But elsewhere, characters are meeting for the first time, like when Thor (Chris Hemsworth) literally bumps in the Guardians of the Galaxy crew, resulting in a delightful meeting of minds between the mourning Asgardian God and the kleptomaniac Rocket – who Thor delightfully describes as a “noble rabbit.” Along with a now angsty teenage Groot, this new combo provides quips aplenty, as does the war of pride and creepy facial hair that unfolds between Dr. Strange (Benedict Cumberbatch) and Stark.
As various quests take place across various galaxies – Stark hijacks a spaceship, Thor searches out a new weapon, Captain America visits Wakanda, Banner and the Hulk need couples’ counselling – the multiple storylines broach the line of overload. But writers Christopher Markus and Stephen McFeely deftly weave the various threads together, switching focus before any start to drag. Allowing the characters’ humour to shine whenever possible also lifts the occasional energy slump.
Some emotional threads are left underdeveloped however, in particular the relationship between Thanos, his daughter Gamora (Zoe Saldana) and her relationship with the quippy half-human Star-Lord (Chris Pratt.) As one of the only characters capable of truly understanding Thanos, Gamora plays a huge role in progressing both the plot and emotional heft of the film. However, despite Saldana’s committed performance, Gamora remains hugely underdeveloped, while Pratt doesn’t display the the dramatic chops necessary to elevate high-stakes scenes.
Not to worry, however, for there are plenty of other high-stakes scenes to go around, but the beats of these begin to feel familiar. Several of the Avengers are confronted with the choice of sacrificing a friend or loved one in order to stop Thanos, and all falter. The faltering is of course understandable in some instances, as the writers understand that even heroes are human, too (sometimes figuratively), and are as invested in protecting their faves as we are. But as the situation arises again and again, the universe-endangering hesitation from these trained assassins – assassins who took countless films to care about the countless innocent citizens killed in all their city-levelling escapades – begins to feel frustrating and emotionally manipulative.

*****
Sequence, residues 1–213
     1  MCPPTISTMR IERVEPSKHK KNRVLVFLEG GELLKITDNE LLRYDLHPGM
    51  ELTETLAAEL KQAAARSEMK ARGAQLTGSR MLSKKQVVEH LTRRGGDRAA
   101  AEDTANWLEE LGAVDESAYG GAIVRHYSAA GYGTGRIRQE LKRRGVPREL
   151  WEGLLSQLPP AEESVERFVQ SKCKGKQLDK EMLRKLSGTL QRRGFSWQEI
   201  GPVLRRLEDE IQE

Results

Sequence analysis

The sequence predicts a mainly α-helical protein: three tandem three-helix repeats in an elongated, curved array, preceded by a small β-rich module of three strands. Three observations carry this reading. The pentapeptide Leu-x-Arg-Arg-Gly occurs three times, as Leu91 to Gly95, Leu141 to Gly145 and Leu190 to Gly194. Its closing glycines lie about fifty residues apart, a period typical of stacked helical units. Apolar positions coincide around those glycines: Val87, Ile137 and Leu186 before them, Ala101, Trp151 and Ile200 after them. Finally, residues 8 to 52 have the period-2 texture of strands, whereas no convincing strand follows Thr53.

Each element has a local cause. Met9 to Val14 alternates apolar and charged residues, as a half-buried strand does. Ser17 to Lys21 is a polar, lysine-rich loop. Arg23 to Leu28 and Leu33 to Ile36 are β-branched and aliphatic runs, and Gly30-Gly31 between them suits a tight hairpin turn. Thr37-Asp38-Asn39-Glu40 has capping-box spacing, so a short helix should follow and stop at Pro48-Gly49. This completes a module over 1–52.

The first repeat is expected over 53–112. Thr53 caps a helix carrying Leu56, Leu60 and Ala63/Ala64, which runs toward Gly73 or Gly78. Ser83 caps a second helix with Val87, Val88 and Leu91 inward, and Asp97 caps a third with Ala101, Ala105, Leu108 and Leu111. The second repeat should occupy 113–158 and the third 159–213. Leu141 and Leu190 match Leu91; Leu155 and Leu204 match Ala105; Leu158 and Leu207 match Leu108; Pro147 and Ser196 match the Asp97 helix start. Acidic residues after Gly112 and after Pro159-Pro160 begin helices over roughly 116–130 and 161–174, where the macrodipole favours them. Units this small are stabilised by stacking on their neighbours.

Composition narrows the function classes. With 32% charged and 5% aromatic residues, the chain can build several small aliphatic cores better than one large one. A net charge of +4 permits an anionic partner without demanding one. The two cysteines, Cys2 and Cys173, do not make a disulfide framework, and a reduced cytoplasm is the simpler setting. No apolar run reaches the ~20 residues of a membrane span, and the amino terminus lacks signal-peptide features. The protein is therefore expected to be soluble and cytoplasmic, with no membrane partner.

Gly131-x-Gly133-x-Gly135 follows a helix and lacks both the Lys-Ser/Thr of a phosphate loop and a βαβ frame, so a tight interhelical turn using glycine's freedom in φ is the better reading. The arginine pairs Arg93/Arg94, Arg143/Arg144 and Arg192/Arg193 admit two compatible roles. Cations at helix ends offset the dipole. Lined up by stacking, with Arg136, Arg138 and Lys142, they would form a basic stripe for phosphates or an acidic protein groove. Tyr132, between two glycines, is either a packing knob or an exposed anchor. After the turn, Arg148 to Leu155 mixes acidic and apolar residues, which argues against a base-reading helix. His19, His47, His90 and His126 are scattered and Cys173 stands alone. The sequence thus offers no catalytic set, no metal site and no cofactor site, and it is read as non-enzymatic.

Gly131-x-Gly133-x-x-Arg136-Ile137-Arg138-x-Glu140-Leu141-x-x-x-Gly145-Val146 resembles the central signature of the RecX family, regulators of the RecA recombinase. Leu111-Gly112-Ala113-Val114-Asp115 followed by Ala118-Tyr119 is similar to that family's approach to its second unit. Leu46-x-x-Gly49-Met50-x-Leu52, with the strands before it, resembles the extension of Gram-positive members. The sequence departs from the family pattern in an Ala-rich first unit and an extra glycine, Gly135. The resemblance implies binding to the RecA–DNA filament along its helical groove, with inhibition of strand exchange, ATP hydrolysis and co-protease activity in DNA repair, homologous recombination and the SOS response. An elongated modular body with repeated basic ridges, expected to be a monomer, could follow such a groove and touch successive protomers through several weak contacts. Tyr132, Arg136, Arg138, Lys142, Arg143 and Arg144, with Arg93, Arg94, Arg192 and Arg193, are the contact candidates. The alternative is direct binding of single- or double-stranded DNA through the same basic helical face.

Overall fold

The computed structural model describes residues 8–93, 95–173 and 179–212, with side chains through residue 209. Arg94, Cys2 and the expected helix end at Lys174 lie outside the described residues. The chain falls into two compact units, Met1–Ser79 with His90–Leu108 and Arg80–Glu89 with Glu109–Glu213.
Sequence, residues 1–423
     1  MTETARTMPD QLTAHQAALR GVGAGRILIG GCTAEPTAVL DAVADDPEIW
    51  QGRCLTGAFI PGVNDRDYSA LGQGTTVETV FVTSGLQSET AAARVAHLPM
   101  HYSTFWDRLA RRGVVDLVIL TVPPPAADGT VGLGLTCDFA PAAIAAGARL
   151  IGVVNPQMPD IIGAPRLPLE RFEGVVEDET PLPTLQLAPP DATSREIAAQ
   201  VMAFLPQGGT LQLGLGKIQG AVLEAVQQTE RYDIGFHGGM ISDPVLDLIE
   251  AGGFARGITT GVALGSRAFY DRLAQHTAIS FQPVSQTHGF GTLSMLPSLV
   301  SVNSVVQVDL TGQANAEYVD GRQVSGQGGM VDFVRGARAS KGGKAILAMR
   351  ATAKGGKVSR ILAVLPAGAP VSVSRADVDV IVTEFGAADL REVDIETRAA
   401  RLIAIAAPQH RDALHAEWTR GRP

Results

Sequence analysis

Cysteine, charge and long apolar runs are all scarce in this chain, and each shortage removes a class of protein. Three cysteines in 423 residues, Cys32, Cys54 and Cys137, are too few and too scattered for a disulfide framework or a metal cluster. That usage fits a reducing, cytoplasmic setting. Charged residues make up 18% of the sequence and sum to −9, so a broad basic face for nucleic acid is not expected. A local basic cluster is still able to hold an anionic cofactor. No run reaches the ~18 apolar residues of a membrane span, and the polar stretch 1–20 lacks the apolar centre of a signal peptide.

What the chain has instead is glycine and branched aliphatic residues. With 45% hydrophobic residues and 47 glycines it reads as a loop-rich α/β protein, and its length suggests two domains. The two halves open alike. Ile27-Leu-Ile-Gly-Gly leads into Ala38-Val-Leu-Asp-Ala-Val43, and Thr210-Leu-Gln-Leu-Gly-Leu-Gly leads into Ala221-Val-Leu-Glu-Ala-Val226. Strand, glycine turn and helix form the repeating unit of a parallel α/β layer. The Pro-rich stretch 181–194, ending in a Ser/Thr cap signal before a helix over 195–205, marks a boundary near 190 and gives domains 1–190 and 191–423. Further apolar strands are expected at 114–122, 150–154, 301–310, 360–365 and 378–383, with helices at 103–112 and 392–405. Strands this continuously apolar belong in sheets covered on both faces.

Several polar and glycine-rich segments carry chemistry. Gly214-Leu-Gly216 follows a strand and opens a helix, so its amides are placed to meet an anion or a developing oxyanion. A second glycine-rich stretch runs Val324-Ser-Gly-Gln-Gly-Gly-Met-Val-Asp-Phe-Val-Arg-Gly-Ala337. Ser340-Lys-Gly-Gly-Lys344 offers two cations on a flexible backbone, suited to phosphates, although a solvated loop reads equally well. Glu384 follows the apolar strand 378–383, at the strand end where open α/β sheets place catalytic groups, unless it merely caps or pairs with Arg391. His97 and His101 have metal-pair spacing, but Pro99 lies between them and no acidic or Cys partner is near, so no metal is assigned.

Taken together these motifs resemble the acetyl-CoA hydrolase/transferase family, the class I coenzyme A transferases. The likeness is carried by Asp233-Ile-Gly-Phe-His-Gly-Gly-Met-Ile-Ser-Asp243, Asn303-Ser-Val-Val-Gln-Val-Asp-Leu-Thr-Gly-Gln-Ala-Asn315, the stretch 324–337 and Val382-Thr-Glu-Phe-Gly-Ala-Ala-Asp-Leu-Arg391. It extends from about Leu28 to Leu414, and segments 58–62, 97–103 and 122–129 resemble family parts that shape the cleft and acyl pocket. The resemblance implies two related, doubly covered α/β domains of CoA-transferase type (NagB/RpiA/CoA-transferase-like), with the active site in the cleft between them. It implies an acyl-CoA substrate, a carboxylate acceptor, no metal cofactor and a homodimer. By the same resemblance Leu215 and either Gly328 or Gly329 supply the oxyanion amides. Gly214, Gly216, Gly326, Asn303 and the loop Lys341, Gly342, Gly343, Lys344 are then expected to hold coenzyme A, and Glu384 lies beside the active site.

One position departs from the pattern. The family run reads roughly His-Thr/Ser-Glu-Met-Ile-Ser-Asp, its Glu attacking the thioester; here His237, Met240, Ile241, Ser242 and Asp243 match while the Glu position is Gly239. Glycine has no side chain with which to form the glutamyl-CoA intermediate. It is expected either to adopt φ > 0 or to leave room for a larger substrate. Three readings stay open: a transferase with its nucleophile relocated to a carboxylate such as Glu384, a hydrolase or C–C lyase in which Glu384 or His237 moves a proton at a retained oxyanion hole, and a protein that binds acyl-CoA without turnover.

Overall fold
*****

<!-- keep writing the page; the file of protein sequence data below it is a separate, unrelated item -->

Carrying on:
It’s when Infinity War embraces silence, and the unspoken, where the film becomes truly powerful – and then uses that power to punch you in the gut. This is demonstrated in small moments, like the tiny, meaningful glances exchanged between Avengers reunited after long periods and unresolved tensions. But it’s also harnessed to stunning effect in the huge developments that will leave audiences gasping, as beloved characters that are extinguished not in slow, speech-filled death-rattles but a jolting, unforgiving blinks that are all the more devastating for their suddenness. It’s in these moments, where our heroes confront huge losses that they don’t have time to process, let alone prevent, that Infinity War nails the anchorless terror of war.
An exciting, exhilarating, audacious and blockbuster, Avengers: Infinity War is the end of the world as we know it - you mightn’t feel fine, but dammit you’ll feel entertained.